The ubiquitous flannel shirt promises to be a flagship piece of fall wardrobes, a unisex style with a touch that is rarely lacking.
From Isabel Marant to Marc Jacobs, flannel shirts are an essential utility piece, with new details and lasting updates to make it relevant for the Fall 21 season.
A key part of any workwear lineup plan, comfort clothing and all things retro remain post-pandemic wardrobe staples. Details such as contrasting topstitching, chest pockets – traditionally flap or buttoned – and even side pockets to make it a shirt jacket, underline the versatile aspects of this versatile model.
Worn oversized, flannel shirts pair well over knits or casually with a t-shirt and classic jeans. Ultimately, it’s the control of the fabric that defines the aesthetic.
Traditionally known as the lumberjack shirt, flannel is multifunctional, providing warmth, comfort, and a heavy dose of fashion.
According to the Dictionary of Fashion and Fashion Designers, flannel fabric was originally made from carded wool or combed yarn. Carding is a process that breaks wool fibers so that they are more or less parallel to each other.
Modern flannels are usually made from cotton, wool, or synthetic fibers.
Flannel dates back to 17th century Wales, where farmers wore flannel shirts to protect themselves from the elements. This tradition would continue for other blue collar workers as the prevalence of flannel increased. The word “flannel” most likely comes from the Welsh word gwlanen, which means “article of wool”.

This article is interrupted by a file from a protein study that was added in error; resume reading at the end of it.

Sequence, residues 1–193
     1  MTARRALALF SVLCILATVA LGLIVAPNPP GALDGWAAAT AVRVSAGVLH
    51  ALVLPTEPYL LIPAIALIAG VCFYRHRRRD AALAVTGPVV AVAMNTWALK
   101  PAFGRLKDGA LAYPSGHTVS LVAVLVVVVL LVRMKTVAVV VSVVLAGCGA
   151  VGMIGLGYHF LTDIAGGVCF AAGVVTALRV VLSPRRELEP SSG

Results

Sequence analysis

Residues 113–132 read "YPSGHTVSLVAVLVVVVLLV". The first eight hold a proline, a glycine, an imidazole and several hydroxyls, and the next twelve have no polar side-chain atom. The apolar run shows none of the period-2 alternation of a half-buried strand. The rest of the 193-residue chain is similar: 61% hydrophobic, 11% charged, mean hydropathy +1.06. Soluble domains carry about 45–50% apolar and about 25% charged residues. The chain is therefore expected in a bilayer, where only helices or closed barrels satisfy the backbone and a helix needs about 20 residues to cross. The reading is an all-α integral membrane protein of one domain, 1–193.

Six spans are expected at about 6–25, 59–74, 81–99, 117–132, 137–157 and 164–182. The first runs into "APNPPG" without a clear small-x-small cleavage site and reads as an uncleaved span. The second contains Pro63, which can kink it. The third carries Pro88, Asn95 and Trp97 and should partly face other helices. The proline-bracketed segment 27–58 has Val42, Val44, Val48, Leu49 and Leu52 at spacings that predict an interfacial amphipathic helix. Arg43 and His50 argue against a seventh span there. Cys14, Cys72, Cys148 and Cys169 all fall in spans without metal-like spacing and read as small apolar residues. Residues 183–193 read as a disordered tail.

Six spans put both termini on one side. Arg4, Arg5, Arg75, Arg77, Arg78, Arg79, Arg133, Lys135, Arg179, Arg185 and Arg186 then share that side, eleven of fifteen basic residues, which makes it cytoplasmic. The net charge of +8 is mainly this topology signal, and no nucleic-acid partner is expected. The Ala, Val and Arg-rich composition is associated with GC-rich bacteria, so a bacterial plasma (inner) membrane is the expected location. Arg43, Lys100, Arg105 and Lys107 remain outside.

While the grunge scene of the 1990s may forever be associated with flannel shirts, think of Seattle bands and Marc Jacobs’ infamous Perry Ellis collection, a 2015 New York Times article summed up its enduring value: ” The universal appeal of something as familiar as a flannel shirt comes down to the quality of its fabric, usually made from woven wool. Like a favorite pair of jeans, a plaid flannel can withstand years of wear and tear.
Despite the British origins of flannel, American designers may have mastered the rugged and comfortable look adopted by hip hop artists, California surfers, and even Wyoming ranchers.
American textile makers set about making shirts by hand in the country, from yarn-dyed fabrics woven on a loom or on a loom to obtain the famous checks. Softness is achieved through a process called napping. The cool factor, however, depends on the wearer.